Conference Paper

Making AC-3 an Optimal Algorithm.

Conference: Proceedings of the Seventeenth International Joint Conference on Artificial Intelligence, IJCAI 2001, Seattle, Washington, USA, August 4-10, 2001
Source: DBLP


The AC-3 algorithm is a basic and widely used arc consistency enforcing algorithm in Constraint Satisfaction Problems (CSP). Its strength lies in that it is simple, empirically efficient and extensible. However its worst case time complexity was not considered optimal since the first complexity result for AC-3 [Mackworth and Freuder, 1985] with the bound O(ed 3), where e is the number of constraints and d the size of the largest domain. In this paper, we show suprisingly that AC-3 achieves the optimal worst case time complexity with O(ed 2). The result is applied to obtain a path consistency algorithm which has the same time and space complexity as the best known theoretical results. Our experimental results show that the new approach to AC-3 is comparable to the traditional AC-3 implementation for simpler problems where AC-3 is more efficient than other algorithms and significantly faster on hard instances. 1

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    • "Résoudre un CSP est un problème NP-complet. La résolution est basée sur des techniques de propagation de contraintes (phase de filtrage : réduction de l'espace de recherche en éliminant les valeurs des variables qui n'ont aucune chance d'intervenir dans une solution [Bessière et Régin, 2001 ; Zhang et Yap, 2001; Bessière et al., 2005]) et sur une stratégie de recherche arborescente (phase de recherche de solutions : énumération des combinaisons de valeurs compatibles entre elles au regard de toutes les contraintes, (Real-Full-Look-Ahead, Forward-Checking [Haralick et Elliot, 1980; Nadel, 1989], Maintaining Arc-Consistency [Sabin et Freuder, 1994]). "
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    • "In this section, we evaluate the behavior of 2-C4 with wellknown arc-consistency algorithms used in the CSP community: AC3 [25], AC2001/3.1 [10] [31]; AC4 [26] 2 ; AC6 [8], AC7 [9] and 2-consistency algorithms: 2-C3OPL [4] and AC3NH [3]. The algorithms AC4-NN and 2-C4 look for all the supports of each value, while other algorithms (AC3, AC2001/3.1, "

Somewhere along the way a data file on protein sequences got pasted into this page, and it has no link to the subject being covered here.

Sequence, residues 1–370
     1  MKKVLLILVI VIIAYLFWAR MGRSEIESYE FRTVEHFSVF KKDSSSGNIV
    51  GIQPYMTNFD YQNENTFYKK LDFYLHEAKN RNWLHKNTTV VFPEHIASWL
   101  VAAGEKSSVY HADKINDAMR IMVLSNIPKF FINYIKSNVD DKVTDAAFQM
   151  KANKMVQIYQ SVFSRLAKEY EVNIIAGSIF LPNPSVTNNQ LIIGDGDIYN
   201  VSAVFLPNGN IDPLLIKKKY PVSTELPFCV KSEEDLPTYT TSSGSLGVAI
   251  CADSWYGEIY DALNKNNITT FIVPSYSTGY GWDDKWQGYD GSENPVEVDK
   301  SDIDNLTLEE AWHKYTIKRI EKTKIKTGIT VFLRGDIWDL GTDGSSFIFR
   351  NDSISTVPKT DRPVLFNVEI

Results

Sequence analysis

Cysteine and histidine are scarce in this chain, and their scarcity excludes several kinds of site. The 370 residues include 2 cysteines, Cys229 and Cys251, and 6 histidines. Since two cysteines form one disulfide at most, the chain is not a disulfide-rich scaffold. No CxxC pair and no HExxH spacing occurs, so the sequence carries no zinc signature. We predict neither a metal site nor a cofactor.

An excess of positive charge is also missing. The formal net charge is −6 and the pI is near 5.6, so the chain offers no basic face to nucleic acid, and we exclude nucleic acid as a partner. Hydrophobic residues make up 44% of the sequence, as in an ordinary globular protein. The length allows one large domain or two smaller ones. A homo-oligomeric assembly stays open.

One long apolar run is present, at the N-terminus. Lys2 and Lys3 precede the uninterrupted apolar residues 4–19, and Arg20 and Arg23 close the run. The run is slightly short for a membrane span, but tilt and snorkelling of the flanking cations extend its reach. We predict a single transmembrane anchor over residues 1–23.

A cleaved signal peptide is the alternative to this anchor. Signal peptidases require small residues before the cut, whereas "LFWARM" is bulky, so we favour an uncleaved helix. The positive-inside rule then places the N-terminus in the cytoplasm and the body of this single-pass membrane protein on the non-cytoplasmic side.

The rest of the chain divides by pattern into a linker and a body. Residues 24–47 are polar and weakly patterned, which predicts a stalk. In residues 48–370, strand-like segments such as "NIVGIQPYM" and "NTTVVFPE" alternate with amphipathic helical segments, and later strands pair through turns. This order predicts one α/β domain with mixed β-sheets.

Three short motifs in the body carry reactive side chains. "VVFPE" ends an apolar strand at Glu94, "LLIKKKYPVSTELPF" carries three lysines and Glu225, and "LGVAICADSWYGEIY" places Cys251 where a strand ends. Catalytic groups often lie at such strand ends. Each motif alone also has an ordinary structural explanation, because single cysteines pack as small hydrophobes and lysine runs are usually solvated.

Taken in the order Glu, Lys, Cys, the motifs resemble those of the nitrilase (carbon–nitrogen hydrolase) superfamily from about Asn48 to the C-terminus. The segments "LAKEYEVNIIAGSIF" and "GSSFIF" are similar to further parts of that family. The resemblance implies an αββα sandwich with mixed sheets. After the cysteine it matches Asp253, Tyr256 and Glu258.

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    ABSTRACT: Arc-Consistency algorithms are the most commonly used filtering techniques to prune the search space in Constraint Satisfaction Problems (CSPs). 2-consistency is a similar technique that guarantees that any instantiation of a value to a variable can be consistently extended to any second variable. Thus, 2-consistency can be stronger than arc-consistency in binary CSPs. In this work we present a new algorithm to achieve 2-consistency called 2-C4. This algorithm is a reformulation of AC4 algorithm that is able to reduce unnecessary checking and prune more search space than AC4. The experimental results show that 2-C4 was able to prune more search space than arc-consistency algo-rithms in non-normalized instances. Furthermore, 2-C4 was more efficient than other 2-consistency algorithms presented in the literature.
    International journal of innovative computing, information & control: IJICIC 06/2012; 8(6). · 1.66 Impact Factor
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    • "MAC suppresses inconsistent values in the domain of all uninstantiated variables. Although CB-FC was considered as the best instantiation algorithm for a long time [29], MAC is now recognized as one of the most performing existing method [36]. "
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    ABSTRACT: In this paper, we propose mechanisms to improve instantiation heuristics by incorporating weighted factors on variables. The proposed weight-based heuristics are evaluated on several tree search methods such as chronological backtracking and discrepancy-based search for both constraint satisfaction and optimization problems. Experiments are carried out on random constraint satisfaction problems, car sequencing problems, and jobshop scheduling with time-lags, considering various parameter settings and variants of the methods. The results show that weighting mechanisms reduce the tree size and then speed up the solving time, especially for the discrepancy-based search method.
    Journal of Mathematical Modelling and Algorithms 06/2012; 11(2). DOI:10.1007/s10852-012-9174-8
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